Stormbound – Flying High

Then we must talk solos. I’m not sure whether it’s Ofer Friedman or Shani Friedman that handles most of the guitar solos, but given that Ofer is also handling both clean and harsh vocals, I would say it’s either Shani that tackled the solos, or this guy is a bit of a workaholic. Regardless, the solo writing is exceptional, very focused on melody and drama but not shy of some proper shredding, and it often can handle unstable territory, like setting a solo against a progressive or changing instrumental background and still managing to keep it properly integrated into the song. The same applies to Rotem Sadia’s keyboard solos, which also bring a lot of variety in terms of tones. He explores with a lot of organ and keyboard sounds, some giving a throwback to classic rock in the vein of Deep Purple (‘Away from Here’), while others sound modern and futuristic. This works well when set against the organic production, giving a sense of worlds colliding and causing chaos, which I can also relate very strongly to the artwork. ‘December’ especially has a very dramatic dystopian vibe, almost apocalyptic.

Strombound – Child’s Play

On the vocal front, we have Ofer’s clean vocals as well as screaming, and singer Yael Horwitz’ unique style, which I really struggle to describe in terms of a style. It is maybe slightly linked to power metal belting as well as opera, reaching really high registers at times, but the constant grit in her voice makes me think it’s rather rooted in a classic hard rock/heavy metal style. Again, placing it in a genre seems less important here, while the main point is that if she has a certain feeling or story to tell, she can always find a way to get that across in full power. We see a bit of childish innocence in ‘Flying High’ and ‘Child’s Play’, a dramatic and confrontational approach in ‘Altar of Innocence’ and ‘Desert’s Roar’ and some serious emotional hurt and a deep feeling of loss in ‘Shadows’. Her technical approach is quite constant throughout the entire album but the feeling varies greatly from song to song, showing you don’t necessarily need 1000 different techniques to adapt to a wide variety of songs. Sometimes an honest soul and the will to tell your story will do the trick.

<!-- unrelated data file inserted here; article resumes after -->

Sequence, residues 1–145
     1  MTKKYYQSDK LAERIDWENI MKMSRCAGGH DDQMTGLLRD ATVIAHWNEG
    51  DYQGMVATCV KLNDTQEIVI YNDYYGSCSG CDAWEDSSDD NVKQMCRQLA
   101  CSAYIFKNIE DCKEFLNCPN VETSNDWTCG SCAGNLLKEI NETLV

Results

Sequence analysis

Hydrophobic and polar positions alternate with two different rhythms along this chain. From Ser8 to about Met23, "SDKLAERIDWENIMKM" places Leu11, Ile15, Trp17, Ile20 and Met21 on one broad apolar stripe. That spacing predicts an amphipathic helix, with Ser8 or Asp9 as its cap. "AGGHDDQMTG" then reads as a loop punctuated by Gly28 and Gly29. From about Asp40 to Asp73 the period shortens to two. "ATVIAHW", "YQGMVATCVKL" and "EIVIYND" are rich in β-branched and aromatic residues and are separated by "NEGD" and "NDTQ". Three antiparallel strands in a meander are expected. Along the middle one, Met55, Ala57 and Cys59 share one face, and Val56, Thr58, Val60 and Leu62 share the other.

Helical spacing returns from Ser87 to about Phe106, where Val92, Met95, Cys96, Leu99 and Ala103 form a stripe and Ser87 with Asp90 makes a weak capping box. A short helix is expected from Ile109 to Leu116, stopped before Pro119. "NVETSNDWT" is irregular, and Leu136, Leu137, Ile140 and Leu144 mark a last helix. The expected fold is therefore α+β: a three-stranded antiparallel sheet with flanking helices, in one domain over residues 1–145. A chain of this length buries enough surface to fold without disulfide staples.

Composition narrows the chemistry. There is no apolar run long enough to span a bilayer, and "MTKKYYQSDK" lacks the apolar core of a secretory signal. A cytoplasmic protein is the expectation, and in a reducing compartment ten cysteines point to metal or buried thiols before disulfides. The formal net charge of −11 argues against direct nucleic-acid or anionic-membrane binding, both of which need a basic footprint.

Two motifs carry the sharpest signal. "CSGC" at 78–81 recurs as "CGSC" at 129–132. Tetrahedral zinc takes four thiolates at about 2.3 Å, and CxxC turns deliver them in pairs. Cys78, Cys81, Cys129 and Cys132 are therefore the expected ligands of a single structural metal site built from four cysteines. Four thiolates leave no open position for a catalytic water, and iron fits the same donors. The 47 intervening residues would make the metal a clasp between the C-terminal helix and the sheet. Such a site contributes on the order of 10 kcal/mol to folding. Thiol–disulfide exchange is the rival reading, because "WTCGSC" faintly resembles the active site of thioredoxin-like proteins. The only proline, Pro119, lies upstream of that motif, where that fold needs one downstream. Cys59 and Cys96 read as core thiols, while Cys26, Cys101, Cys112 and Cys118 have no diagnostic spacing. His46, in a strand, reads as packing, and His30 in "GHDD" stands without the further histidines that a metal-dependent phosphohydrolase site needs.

At the end of the album, it feels like you ran a marathon, been transported through many places and even different eras, as if you were on a proper adventure, and you’re left with a beautiful sense of finality. Everything is very organic, cathartic and real with this band. The emotions feel almost tangible, the raw production gives a very strong sense of vulnerability and openness even in negative emotion, and the addition of various sound effects like news articles, children’s voices, wind, rain, thunder and what not, completes the sense of being transported somewhere else with each song. Damn, my room feels quite boring all of a sudden. Guess I gotta give the album another spin. Care to join me?

Track List:

    1. Desert’s Roar (05:03)
    2. Altar of Innocence (05:12)
    3. Sacred Lies (04:41)
    4. Away From Here (06:04)
    5. December (10:30)
    6. Shadows (04:21)
    7. Flying High (04:55)
    8. Fragments (06:24)
    9. Child’s Play (09:02)

About the Author

Andrei Dan

Born and raised in Romania, currently living and studying in the Netherlands, Andrei was introduced to both classic and modern prog at once when he discovered Symphony X and Intervals in 2015. He has quickly grown fond of all the sub-categories of metal but keeps a focus on progressive or innovative music. Most of his free time is spent keeping track of new artists or releases and visiting concerts.